Lynn Carlson, who teaches law and history at a Queens public school, could once count on bake sales and candy drives to raise thousands of dollars for her annual trip with students to Washington or Boston.
That was before the New York City Department of Education, as part of an anti-obesity drive, began restricting what could be sold in machines and in fund-raising events held in schools. Out were brownies; in were granola bars. Out were chocolate chip cookies; in were gummy fruit snacks. Bake sales began to seem like little more than trips to a nutritionally correct vending machine.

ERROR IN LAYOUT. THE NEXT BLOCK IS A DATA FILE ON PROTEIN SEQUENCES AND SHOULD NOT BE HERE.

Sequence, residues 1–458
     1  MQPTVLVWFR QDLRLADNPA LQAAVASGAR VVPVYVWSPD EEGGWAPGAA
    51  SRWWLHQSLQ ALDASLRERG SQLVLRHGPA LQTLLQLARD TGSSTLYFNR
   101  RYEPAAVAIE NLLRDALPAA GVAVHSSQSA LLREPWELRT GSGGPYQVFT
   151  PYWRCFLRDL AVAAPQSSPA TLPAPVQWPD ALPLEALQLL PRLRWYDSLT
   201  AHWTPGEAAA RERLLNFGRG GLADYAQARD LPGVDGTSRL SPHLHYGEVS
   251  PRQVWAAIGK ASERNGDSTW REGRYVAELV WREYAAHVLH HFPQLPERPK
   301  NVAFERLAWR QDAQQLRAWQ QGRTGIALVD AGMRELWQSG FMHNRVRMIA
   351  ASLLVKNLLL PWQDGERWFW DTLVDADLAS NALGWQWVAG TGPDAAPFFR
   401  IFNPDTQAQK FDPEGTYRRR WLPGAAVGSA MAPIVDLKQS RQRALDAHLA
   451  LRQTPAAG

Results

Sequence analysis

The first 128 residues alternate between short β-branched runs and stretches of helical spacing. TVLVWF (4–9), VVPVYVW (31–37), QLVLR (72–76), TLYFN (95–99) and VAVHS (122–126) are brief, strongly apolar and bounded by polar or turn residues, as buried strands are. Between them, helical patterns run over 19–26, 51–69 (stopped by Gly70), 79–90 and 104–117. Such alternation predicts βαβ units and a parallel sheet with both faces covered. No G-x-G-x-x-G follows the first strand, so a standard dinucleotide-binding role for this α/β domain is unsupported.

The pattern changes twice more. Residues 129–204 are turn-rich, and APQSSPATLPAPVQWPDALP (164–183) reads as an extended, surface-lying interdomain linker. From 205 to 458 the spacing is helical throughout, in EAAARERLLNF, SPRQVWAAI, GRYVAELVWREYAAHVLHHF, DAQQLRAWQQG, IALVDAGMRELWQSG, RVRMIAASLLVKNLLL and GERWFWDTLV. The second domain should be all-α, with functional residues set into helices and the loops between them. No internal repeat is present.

The only truly successful item on the cleared list was brown-sugar Pop Tarts. Ms. Carlson ordered some from the city’s vendor, which charged 60 cents for a package of two, with the students reselling them for a dollar, she said. But last fall, Ms. Carlson said, the Pop Tarts came just one per package, and still cost her 60 cents, almost double what she would pay if she were to buy them at the supermarket.
“That, to me, is ridiculous,” she said. The students’ fund-raising committee agreed, refusing to sell their peers a Pop Tart that cost $1.